Ecologist Dr Mustafa Babiker, after visiting the Heglig oilfields, reported that local people hired as casual labour by the foreign companies "are living in makeshift housing facilities which are uncomfortable and unhealthy."

Dr Babiker, a lecturer at the University of Khartoum's Institute of Environmental Studies, said the employers had not complied with Sudanese labour laws and were denying workers much of their basic rights, for example in medical payments.

In the light of these complaints, the government panel has been given a mandate beyond the immediate question of environmental damage, says its chairperson, Labour Minister Agnes Lokudu. "The panel will also consider the social and economic aspects of the emerging oil industry," and seek the advice of specialists in wildlife, pastures and water. The minister is expected to report the panel's findings to the Council of Ministers.
(Pan African News Agency 1 February 1999)

All these last-minute expressions of social and environmental concerns raise serious questions:

  • Could the oil project really have proceeded this far without having studied these impacts? If so, then how?
  • Why was the Labour Minister appointed to assess oil risks? (Lokudu, a southern Sudanese woman, is likely to be vulnerable to extreme political pressure, and in any case has no expertise in this field.)
  • What about Talisman's impact assessments?
  • Why are inexperienced government appointees repeating the work?

Conflicts of interest and responsibility

The failure of Talisman and the consortium to provide sufficient detail means it is impossible for the public to know how much damage will result if there is an oil spill, and whether the responsible parties would have adequate resources to contain the oil spill and prevent broader environmental and social impacts.

Construction and exploration sub-contractors may be responsible for location-specific impacts. But these contractors are under considerable time pressure - especially with construction or exploration crews working in conflict areas - so there is an implicit conflict of interest which undermines any prospect of effective environmental protection.

If the environmental management plan shifts responsibility for environmental management - including mitigation of damage - from the oil pipeline consortium to the Sudan government, then the government's capacity to fulfil this role must be doubted.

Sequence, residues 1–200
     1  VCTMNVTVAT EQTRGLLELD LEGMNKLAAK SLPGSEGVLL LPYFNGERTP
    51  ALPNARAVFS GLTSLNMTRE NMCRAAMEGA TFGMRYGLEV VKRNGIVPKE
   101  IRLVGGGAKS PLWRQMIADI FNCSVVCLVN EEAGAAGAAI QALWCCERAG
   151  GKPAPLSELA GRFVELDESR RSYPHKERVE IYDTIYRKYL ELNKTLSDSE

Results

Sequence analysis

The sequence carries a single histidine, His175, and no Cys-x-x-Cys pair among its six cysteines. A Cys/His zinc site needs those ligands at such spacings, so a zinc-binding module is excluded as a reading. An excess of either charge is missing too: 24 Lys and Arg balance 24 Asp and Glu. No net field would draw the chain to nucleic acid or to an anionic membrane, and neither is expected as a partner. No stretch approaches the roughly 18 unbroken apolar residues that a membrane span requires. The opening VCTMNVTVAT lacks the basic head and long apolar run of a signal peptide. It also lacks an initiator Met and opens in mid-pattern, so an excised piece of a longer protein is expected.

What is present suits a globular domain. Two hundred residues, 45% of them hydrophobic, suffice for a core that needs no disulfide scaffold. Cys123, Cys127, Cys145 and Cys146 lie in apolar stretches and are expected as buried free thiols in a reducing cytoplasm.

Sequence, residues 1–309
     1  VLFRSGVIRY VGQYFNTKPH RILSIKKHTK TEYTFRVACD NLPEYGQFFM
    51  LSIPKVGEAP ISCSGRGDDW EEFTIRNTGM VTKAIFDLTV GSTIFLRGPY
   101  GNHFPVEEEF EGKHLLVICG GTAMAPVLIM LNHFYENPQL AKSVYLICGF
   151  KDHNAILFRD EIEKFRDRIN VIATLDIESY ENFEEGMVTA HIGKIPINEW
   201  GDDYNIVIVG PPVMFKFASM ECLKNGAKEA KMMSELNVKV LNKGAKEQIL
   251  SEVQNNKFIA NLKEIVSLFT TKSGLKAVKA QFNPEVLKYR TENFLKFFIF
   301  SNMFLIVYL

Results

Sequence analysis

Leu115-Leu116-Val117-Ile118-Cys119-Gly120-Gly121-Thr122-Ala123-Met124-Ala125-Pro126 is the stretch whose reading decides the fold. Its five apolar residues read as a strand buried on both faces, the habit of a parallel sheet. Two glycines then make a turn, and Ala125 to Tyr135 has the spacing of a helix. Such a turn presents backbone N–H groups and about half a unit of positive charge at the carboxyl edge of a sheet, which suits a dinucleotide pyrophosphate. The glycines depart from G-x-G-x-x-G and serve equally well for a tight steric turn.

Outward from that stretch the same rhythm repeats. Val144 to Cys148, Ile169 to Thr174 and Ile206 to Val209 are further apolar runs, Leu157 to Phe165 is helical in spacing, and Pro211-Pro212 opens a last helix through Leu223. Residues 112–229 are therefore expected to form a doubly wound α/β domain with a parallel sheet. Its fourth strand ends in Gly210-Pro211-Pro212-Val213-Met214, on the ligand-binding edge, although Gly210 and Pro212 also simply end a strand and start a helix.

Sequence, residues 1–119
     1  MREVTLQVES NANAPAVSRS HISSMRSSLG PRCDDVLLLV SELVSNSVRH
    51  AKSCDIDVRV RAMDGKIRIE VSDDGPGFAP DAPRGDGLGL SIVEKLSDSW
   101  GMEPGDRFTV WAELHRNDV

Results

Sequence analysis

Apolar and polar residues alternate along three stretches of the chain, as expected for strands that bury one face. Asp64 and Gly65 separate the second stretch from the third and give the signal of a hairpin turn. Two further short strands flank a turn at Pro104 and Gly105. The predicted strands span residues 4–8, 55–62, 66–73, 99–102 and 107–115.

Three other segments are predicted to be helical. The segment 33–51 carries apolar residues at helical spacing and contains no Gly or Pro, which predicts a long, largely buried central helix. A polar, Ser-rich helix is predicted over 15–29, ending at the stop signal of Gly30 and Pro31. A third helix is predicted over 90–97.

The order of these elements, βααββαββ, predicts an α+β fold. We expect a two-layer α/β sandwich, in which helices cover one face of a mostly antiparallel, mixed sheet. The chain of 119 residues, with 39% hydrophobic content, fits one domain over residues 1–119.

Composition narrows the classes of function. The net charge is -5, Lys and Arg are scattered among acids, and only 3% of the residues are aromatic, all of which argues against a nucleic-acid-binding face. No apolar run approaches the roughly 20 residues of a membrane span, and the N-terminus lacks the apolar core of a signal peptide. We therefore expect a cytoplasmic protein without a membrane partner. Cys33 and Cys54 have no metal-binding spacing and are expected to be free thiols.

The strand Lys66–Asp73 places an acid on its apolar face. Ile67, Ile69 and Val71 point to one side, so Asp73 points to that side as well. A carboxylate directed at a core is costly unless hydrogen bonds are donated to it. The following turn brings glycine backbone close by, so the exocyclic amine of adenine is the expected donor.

Oil Spill Response Plan / Liability Fund

An oil spill response plan based on a full assessment of the potential damages and risks from oil spills is one of the most basic internationally recognised requirements of any oil development and transport project. There should also be a fund to pay compensation for damages (including environmental damage) in case of an accidental oil spill. Talisman, however, have declined to reveal their plans - assuming they exist - on the grounds that they are too "sensitive".

World Bank comparison

If the project, instead of being privately funded, had been in line with World Bank's requirements, its Environmental Management Plans would have to include the identification and summary of all significant adverse impacts that are anticipated, the description and technical details for each mitigation measure, the assignment of responsibility for carrying out the mitigation measures and the implementation schedule for the mitigation measures.

The World Bank's Indigenous Peoples' policy requires the preparation of an Indigenous Peoples Development Plan in tandem with the preparation of the main investment. Again, in the Sudan's case, there is no sign of a comparable plan.

There has been no meaningful consultation of local people during the Environmental Impact Assessment process. And there are no guarantees that the financial resources generated by the project will be used to improve living conditions in Sudan.

Truth and public relations

Freedom of the press in Sudan is practically non-existent, and cover-ups of serious issues are far more likely than exposure and discussion. It is usually difficult to determine the truth about events in Khartoum, let alone in areas hundreds of kilometres from the capital.


Mohamed Abdel-Sid, the correspondent for Asharq al-Awsat newspaper who was detained in Khartoum in mid-April 1999, had been tortured by security forces and taken to Kober hospital in Khartoum, sources close to his family said on 4 May.

The London-based newspaper said security forces had not released Abdel-Sid despite a report on 29 April from the Sudan News Agency (SUNA) that Abdel Sid and Abdel-Qader Hafiz, correspondent of the Saudi Arabian daily al-Gezira, had been released.

"Abdel-Sid's family and his lawyer have not been able to see him since his arrest last month,'' the paper said.

The two, along with SUNA editor Ms Maha Hassan Ali, were reported to have been detained under the national security law. No charges were announced. (Asharq al-Awsat / Reuters 4 May 1999)

12 - Who's Who